Relieve Chronic Back Pain with Spinal Cord Stimulation- EP 17

Premier Pain Talk

Aug 2 2022 • 45 mins

On this episode of Premier Pain Talk, host Dr. Michael Danko talks with Dr. Michael Fishman. He is a fantastic pain physician out of the Greater Philadelphia area. They are discussing spinal cord stimulation and some of the new horizons coming with it as well as digital health and data capturing and potentially new options for pain therapy down the road. Tune in!

Episode Highlights:

  • Dr. Fishman went to medical school at Jefferson Medical College, and he developed an interest in anesthesia, ENT, and neck surgery. And at the end of the day, he ended up as a surgery resident at a program outside of Philadelphia.
  • During his time working with the anesthesiologist at the hospital, Dr. Fishman ultimately found that perhaps there is a better use of his interests to look after patients after surgery and around their surgeries.
  • Dr. Fishman’s clinic is like a lab where we get the opportunity to think of new ways to help people and ways to get patients the right treatment at the right time.
  • One of the therapies that gets Dr. Danko super excited and makes it not feel like work sometimes, is something called a spinal cord stimulator. It is an implantable device and has been around for many years.
  • Spinal stimulation in Dr. Danko’s mind has gone through now maybe even more advancements than cell phone technology or other technology of any type.
  • What is ‘The Gate Control Theory On Chronic Pain’?
  • Tonic stimulation is something that people should be familiar with, and it's a buzzing electrical sensation or maybe tapping and pulsing. They talk about how it had previously been practiced.
  • Over the last few years, there has been a  fine tuning of  the electrical signals that are being passed in the spinal cord.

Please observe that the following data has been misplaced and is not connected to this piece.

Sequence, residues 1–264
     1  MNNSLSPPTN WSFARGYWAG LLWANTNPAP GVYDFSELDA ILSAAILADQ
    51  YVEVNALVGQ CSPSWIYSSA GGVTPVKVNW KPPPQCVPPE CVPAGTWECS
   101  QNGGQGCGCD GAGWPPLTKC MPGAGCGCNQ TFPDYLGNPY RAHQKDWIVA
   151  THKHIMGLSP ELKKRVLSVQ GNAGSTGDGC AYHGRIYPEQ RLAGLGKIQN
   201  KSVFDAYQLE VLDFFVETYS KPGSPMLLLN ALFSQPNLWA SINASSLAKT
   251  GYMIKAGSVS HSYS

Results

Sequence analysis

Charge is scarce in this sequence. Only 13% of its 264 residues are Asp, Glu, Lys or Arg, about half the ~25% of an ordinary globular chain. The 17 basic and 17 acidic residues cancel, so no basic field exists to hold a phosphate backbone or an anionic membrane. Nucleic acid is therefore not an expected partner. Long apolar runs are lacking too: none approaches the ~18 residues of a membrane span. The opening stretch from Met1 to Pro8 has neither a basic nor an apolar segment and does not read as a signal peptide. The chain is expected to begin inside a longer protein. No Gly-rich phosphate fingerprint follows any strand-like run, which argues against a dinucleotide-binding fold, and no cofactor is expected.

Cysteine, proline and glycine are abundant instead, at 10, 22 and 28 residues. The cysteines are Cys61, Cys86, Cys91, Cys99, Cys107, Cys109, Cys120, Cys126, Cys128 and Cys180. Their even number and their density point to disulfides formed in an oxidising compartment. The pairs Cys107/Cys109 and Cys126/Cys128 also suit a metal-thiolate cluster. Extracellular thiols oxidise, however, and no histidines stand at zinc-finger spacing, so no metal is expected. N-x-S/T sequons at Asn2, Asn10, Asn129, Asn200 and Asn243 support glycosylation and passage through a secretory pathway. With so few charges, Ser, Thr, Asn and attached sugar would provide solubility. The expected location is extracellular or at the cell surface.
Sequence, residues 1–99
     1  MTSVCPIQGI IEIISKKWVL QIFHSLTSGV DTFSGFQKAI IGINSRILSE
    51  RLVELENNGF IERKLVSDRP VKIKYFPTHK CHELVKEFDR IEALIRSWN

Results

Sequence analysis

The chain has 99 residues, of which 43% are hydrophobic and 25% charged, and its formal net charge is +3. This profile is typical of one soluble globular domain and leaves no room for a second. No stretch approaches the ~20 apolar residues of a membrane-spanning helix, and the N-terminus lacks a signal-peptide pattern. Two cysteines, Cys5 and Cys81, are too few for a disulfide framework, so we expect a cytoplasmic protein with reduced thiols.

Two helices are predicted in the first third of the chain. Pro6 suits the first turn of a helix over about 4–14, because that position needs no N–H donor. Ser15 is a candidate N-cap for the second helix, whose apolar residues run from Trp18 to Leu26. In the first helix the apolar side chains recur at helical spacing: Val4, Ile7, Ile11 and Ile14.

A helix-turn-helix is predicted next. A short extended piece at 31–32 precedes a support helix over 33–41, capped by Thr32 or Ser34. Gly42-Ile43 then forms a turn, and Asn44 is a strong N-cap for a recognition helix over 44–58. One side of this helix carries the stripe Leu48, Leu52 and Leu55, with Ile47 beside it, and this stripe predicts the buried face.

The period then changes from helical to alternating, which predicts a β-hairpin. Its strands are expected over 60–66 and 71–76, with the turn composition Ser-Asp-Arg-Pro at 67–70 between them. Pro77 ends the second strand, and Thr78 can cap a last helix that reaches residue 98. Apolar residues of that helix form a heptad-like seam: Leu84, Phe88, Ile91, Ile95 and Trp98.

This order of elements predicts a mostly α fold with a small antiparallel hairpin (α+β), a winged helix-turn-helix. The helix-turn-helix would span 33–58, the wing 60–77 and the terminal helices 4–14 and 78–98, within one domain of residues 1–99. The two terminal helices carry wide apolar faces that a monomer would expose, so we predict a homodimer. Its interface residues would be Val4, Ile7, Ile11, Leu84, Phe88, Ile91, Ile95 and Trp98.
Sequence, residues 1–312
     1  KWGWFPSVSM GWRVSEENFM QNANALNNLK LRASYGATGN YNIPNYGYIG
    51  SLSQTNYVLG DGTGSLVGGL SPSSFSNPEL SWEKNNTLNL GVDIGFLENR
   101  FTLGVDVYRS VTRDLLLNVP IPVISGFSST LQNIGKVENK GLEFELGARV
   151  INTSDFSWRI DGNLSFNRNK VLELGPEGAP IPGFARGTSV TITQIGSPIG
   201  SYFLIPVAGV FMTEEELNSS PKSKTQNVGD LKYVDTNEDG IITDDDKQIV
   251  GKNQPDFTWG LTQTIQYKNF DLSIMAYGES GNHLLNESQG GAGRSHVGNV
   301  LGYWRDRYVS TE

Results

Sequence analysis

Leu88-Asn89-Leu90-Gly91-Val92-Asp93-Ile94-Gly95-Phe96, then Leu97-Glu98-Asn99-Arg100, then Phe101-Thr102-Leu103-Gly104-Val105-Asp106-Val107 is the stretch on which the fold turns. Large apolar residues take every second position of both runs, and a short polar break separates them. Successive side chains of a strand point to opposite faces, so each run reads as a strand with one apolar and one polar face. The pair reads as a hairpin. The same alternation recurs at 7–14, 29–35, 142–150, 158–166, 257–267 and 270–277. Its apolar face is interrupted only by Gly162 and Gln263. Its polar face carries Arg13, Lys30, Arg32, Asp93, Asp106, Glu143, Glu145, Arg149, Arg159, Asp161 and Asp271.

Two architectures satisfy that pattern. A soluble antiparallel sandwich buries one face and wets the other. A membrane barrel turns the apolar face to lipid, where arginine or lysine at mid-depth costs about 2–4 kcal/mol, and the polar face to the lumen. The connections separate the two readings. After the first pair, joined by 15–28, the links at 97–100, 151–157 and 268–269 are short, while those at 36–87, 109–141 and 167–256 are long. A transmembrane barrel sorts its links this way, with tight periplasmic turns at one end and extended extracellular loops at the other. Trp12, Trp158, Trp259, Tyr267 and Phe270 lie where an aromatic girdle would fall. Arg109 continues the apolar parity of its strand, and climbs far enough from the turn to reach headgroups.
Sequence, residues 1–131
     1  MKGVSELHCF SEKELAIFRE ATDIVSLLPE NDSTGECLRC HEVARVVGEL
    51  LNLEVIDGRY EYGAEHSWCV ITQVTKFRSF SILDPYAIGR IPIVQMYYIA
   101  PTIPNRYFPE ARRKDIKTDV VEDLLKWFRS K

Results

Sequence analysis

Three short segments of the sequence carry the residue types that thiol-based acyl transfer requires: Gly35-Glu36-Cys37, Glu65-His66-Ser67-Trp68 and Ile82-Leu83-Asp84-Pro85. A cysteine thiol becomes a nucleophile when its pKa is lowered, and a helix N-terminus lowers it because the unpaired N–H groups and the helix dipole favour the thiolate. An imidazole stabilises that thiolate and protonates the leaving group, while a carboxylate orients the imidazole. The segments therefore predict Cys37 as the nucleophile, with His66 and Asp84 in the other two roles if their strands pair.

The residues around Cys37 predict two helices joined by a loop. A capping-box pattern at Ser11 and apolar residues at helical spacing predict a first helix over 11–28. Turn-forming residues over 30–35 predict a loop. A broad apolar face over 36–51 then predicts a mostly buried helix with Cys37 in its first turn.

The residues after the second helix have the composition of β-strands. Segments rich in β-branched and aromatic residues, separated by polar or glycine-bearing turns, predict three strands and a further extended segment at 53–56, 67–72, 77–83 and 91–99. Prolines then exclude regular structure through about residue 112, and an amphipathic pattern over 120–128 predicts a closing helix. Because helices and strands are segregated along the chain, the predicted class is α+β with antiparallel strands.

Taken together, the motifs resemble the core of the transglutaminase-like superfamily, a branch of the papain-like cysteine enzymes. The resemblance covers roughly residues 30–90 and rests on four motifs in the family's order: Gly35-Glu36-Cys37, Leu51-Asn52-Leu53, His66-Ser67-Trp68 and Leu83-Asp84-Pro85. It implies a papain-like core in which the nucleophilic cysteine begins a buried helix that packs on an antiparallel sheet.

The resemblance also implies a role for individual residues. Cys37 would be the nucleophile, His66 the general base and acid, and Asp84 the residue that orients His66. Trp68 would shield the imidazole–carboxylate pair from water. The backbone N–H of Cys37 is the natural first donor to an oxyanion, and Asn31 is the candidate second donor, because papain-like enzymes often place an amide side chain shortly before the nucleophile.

• If you talk to a bunch of different pain doctors or different people from industry, you are going to get a bunch of different answers for advancements with changes in the way the electricity is being delivered through devices.
  • There is a psychological and social component that is also important to understand when you think about why pain doctors do what they are doing; That is why when they do apply therapies like simulation, it's important to understand biologically why also.
  • For humans, isolation, depression, anxiety, status, etc all go in the same path with pain; But we can change the pain experience for the better or for the worse.

3 Key Points:

  1. One thing about Yale Haven hospital that everybody should know is it is smack dab in the middle at the junction of I-95 I-91, which means that it is a super busy hospital and gets most of the trauma in the state.
  2. DTM therapy is fantastic and the science behind how to fine-tune that therapy is very durable.
  3. Getting patients the right treatment is the job of a pain doctor, but it’s also about the right timing being understood and the circumstances/ context for each person to make the best version of themselves that they can be, says Fishman.

Resources Mentioned: